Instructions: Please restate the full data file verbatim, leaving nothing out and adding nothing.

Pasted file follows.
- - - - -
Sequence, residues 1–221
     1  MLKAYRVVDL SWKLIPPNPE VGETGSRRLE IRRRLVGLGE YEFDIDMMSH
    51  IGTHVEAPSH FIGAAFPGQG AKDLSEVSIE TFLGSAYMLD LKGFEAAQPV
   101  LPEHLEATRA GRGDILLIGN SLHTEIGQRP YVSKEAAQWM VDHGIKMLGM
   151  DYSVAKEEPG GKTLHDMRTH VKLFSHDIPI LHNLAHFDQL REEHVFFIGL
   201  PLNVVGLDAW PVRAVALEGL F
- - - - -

Sequence, residues 1–221
     1  MLKAYRVVDL SWKLIPPNPE VGETGSRRLE IRRRLVGLGE YEFDIDMMSH
    51  IGTHVEAPSH FIGAAFPGQG AKDLSEVSIE TFLGSAYMLD LKGFEAAQPV
   101  LPEHLEATRA GRGDILLIGN SLHTEIGQRP YVSKEAAQWM VDHGIKMLGM
   151  DYSVAKEEPG GKTLHDMRTH VKLFSHDIPI LHNLAHFDQL REEHVFFIGL
   201  PLNVVGLDAW PVRAVALEGL F